“Let them drive Teslas” is not a climate or a justice plan

City Observatory

Portland’s climate emergency efforts are tarnished by an inability to plainly speak the facts about climate change

But the tragic fact is that the city is utterly failing to meet even its own previous goals, and more alarmingly, isn’t owning up to the failure of its 2015 plan to reduce emissions.

Instead, the Bureau of Planning and Sustainability is promoting trivial and incorrect stories about greenhouse gas emissions.

On June 30, the City of Portland adopted a climate emergency declaration. It steps up the city’s goal for 2030 to reducing emissions by 50 percent from 1990 levels (the previous plan had a 40 percent goal). The resolution declaring the emergency contains some sensible findings:  for example, explicitly acknowledging that “expanding roadways does not solve congestion but leads to additional vehicle miles and carbon emissions.” The resolution is an expression of concern, and a promise to do more, but rather than specific concrete steps, simply says that the city will, later this year, “co-convene” a process to talk about what we might do to reduce greenhouse gases while promoting climate justice.

You’d hardly know it from reading the climate emergency resolution, but as we wrote earlier, Portland has essentially failed to make any progress in reducing its greenhouse gas emissions under the Climate Action Plan it adopted five years ago.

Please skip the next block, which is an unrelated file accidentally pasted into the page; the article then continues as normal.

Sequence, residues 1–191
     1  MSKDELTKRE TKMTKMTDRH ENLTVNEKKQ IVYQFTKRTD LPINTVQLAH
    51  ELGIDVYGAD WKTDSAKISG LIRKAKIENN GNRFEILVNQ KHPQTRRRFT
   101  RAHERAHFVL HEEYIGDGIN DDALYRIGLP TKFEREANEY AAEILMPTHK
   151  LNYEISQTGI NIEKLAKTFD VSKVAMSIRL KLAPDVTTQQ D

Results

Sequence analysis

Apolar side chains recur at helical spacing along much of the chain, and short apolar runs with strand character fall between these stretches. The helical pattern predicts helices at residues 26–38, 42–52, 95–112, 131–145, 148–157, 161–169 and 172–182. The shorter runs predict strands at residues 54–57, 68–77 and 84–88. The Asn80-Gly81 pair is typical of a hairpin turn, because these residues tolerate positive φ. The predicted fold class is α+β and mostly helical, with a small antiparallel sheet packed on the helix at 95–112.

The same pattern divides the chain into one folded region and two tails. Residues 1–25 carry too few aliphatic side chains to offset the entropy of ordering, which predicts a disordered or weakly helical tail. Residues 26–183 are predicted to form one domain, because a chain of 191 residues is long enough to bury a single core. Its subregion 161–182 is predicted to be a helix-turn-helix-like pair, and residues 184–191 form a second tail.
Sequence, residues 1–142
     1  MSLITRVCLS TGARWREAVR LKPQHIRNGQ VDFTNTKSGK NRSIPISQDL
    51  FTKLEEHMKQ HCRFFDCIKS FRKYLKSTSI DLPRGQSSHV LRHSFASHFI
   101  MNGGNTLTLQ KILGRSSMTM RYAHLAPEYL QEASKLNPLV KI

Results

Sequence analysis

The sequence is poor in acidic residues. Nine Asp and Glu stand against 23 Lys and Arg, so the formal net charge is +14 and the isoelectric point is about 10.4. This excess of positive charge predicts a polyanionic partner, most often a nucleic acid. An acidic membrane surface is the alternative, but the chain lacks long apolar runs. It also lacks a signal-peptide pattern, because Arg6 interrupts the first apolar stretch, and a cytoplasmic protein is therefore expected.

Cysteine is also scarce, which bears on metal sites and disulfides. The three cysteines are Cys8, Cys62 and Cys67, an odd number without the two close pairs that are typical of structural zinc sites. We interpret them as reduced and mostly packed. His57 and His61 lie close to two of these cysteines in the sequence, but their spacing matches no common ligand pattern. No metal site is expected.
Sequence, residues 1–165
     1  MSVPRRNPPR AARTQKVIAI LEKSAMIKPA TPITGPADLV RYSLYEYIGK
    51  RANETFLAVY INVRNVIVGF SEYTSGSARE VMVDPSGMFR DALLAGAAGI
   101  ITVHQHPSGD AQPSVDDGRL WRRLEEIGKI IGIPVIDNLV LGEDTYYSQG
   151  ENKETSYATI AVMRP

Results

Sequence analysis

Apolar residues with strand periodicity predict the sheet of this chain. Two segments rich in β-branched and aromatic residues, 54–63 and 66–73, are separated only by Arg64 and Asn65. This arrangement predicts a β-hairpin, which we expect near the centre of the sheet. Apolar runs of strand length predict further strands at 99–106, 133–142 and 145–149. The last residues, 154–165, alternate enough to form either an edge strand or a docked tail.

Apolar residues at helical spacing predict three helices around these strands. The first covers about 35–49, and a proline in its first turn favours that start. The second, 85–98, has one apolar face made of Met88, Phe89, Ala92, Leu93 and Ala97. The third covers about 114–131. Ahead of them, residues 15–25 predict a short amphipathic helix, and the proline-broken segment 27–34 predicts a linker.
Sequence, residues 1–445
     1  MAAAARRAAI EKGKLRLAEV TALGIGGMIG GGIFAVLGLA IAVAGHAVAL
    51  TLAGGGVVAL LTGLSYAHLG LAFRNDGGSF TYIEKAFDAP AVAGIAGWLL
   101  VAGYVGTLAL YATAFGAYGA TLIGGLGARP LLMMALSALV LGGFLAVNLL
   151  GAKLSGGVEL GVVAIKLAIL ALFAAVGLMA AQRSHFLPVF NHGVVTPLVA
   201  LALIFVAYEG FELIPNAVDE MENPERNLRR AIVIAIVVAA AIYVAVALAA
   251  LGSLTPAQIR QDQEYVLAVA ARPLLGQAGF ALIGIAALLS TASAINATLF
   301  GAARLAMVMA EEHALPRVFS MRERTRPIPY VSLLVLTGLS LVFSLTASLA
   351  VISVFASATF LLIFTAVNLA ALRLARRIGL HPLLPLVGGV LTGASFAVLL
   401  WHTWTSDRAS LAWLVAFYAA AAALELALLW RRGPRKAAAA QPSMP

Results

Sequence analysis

On July 10th, Andrea Durbin, Director of the City’s Planning and Sustainability Bureau, appeared on Oregon Public Broadcasting’s “Think Out Loud” to discuss the city’s climate emergency declaration  She was interviewed by host Dave Miller, who quickly cut to the chase:

Dave Miller:

As you know, emissions reductions countywide have stalled in recent years and if I understand the numbers correctly, its largely because of an increase over the last five years, in emissions from the transportation sector.  In other words, even though the city has this climate action plan, compared to five years ago, emissions from people driving around are going up—its the opposite direction.  What’s not working?

Andrea Durbin:

Well, that’s correct.  More people are driving.

The only way to attain the city’s stated goals is to reduce vehicle miles traveled, as the the technical analysis done for the 2015 plan made very clear:  It said that the city would need to reduce vehicle miles traveled (VMT) by more than half by 2050 in order to achieve the planned greenhouse gas reductions. Instead VMT (pre-pandemic, at least) increased sharply after gas prices declined in 2014, and greenhouse gas emissions went up as well—by 1,000 pounds per person per year in the Portland metro area.

The new climate plan will fail unless it, too, reduces driving. The Portland City Council laudably adopted Commissioner Chloe Eudaly’s proposed amendment to require demand management, such as congestion pricing, before allowing any new freeway capacity to be built in Portland.  While that’s a good step, Planning and Sustainability Director Andrea Durbin could only point to two things as concrete examples of how to reduce transportation emissions:  reducing freight-related emissions by electrifying delivery vehicles, and mandating electric vehicle charging stations in new apartment buildings.

Climate justice: Let them drive Teslas?

The city’s new climate direction puts considerable emphasis on helping “front-line communities,” which it defines to include low income Portlanders, and people of color. It’s absolutely correct that climate change affects low income people more than others, which is why fighting climate change is, by its nature, intrinsically just. But Durbin’s example for how the plan will help low income Portlanders strains credulity: